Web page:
Let’s fly back to August, 2014. Hideo Kojima (father of the Metal Gear Solid saga, among others, who was a still member of the videogame company Konami, took part in an extremely special collaboration: he, along with film director Guillermo del Toro and actor Norman Reedus, gave birth to a new installment in the Silent Hill franchise, which was going to be called Silent Hills (yes, the name wasn’t exactly original, although the content was). To give gamers a taste of its atmosphere and aesthetic, they released a playable demo called P.T., and it turned out to be one of the scariest games ever made, despite its short duration.
Why did Silent Hill P.T. become the scariest video game of all time?
One of the key elements that made this videogame one of the most terrifying in history was the voice over. And the fact that one single voice talent could generate such a panic is an achievement to behold. Without a doubt, it was the perfect complement to some maddening images, even when it sometimes is just dimly heard, as an ambience. Subtlety can sometimes make for the creepiest feel.
Fear is easily explained (although not everyone is able to generate it). It’s just like in the movies: scares must be set up carefully, making the most of every chance. If you rush it, you can end up with a laughably silly scene, that’s why there are so many supposedly scary movies that end up looking like comedies. Silences, volume increases and other elements must be carefully controlled for the greatest possible effect. And at this, Kojima and del Toro achieved an incredible videogame.
Of course, in order to make the most of the gaming experience, it demands certain conditions: it should always be played by night, with the lights off, on a good-sized and well-calibrated screen (without any extra enhancements or adjustments) and with an excellent surround sound equipment (or headphones that can emulate the effect).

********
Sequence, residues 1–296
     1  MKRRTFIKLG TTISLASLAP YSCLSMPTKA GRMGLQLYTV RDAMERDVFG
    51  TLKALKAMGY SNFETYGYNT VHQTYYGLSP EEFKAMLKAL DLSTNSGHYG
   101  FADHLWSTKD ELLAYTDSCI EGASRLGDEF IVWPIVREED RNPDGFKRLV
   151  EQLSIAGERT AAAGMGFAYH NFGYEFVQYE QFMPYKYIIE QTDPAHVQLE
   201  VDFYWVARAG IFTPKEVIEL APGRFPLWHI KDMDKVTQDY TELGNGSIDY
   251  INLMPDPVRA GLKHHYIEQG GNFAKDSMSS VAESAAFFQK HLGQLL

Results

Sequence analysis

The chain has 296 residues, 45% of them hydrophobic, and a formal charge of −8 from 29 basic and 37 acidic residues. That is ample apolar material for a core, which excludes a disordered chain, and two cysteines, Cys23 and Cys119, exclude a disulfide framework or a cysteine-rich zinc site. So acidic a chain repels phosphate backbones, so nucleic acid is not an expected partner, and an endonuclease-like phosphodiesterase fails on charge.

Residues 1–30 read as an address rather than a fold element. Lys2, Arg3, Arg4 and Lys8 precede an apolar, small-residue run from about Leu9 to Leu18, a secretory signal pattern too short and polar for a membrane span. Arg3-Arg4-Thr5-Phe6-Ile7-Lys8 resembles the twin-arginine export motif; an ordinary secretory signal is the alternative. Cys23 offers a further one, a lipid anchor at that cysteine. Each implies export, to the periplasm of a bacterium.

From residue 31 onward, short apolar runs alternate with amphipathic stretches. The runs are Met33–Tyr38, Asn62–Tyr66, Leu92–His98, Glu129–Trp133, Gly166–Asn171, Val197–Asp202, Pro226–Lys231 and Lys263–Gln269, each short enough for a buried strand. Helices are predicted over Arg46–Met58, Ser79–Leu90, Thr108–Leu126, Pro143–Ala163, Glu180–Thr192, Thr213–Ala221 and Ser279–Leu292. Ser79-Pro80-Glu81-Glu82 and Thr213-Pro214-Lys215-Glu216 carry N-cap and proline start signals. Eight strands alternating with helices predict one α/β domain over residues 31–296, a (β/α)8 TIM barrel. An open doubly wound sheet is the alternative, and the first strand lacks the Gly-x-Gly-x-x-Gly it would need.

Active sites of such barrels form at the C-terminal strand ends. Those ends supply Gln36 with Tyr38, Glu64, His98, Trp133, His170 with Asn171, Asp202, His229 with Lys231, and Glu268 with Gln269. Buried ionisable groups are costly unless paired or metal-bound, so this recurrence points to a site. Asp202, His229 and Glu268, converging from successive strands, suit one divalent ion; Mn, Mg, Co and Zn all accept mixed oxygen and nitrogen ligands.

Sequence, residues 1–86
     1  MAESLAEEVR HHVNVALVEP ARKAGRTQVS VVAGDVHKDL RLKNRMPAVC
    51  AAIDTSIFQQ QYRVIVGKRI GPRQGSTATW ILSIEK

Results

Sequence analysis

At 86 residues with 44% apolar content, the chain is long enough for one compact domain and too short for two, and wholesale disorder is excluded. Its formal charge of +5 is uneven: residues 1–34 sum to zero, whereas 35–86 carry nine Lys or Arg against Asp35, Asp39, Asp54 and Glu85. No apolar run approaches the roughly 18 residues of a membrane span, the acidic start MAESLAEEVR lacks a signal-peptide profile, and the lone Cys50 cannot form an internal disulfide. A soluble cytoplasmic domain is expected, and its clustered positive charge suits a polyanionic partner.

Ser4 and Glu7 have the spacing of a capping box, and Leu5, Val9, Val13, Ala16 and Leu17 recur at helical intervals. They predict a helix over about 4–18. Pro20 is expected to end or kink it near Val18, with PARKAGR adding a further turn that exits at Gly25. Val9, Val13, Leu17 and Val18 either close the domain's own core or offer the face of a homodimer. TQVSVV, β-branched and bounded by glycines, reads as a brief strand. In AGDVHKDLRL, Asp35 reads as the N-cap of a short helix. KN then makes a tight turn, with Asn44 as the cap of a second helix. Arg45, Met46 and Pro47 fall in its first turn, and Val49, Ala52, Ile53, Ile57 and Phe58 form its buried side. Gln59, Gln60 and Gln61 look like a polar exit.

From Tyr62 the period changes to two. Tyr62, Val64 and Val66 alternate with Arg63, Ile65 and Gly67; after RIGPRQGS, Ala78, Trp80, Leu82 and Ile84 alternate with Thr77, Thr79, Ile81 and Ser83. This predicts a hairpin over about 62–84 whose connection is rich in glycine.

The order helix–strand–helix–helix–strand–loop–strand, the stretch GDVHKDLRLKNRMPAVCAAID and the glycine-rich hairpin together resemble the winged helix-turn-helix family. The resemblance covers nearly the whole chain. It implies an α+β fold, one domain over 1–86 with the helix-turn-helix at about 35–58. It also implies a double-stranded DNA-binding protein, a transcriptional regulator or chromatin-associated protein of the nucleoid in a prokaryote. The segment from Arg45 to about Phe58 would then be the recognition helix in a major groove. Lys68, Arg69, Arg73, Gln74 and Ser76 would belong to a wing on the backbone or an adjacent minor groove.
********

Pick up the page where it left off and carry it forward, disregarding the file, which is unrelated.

The game begins, without any exposition sequences nor intros, with a first person view moving down a corridor and arriving at a house in very poor shape, dirty and full of sinister items.
And in the soundtrack, you can faintly hear a voice talking.
The second reason for P.T.'s success is the voice over.
The voice tells us, in all naturalness, about a horrible crime. But then, sometimes his sentences seem to be addressing… us, the players? “Turn around. I said, turn around.” Yes, we could think that this was paraphrasing a character or… that it was really directed to us. We won’t reveal what the case finally is, but we can say that this voiceover catches us off-guard, as it seems to break the fourth wall.
In fact, Kojima is a proven expert at that, as his games have repeatedly shown, such as the most recent Death Stranding (included among our top games dubbing, both in English and Spanish) with Norman Reedus looking at the screen and even winking.
But, what is achieved with that break? The most important thing: to make the user participate in what’s happening, instead of him/her watching from a distance. In other words, the player not only plays the game, but is responsible for how the story turns out. And thus, there’s another reason for terror: if we’re scared, it’s our own fault, because we decided to go on with the game. The inevitable, basically.
P.T. was, is and will be remembered not only for being an incredible experiment. Although the full game didn’t finally materialize (the breakup between Kojima and Konami, as well as the founding by Kojima of a new study, stopped the project), the teaser remains a true lesson in making a scary game, pure and simple horror. No need for gunfights, zombies, gushing blood, or ghosts (well, at least in plural). Because it is one thing is to be scared, and quite another one to terrify. And the Kojima/del Toro/Reedus team terrified us like no one had ever done before.
Where can we find the Silent Hill P.T. Demo?
Unfortunately the answer is that officially there is no way, since the demo was erased from digital stores shortly after the breakup between the Japanese genius and the company. However, you can see full gameplays, but it’s far from ideal. There are also players who have made it available to the gaming community, but always unofficially, by offering it as a free download. Still, it remains difficult to find. Different copies and/or tributes have also been made in the years since, with different levels of success. But of course, none of the matches the original P.T.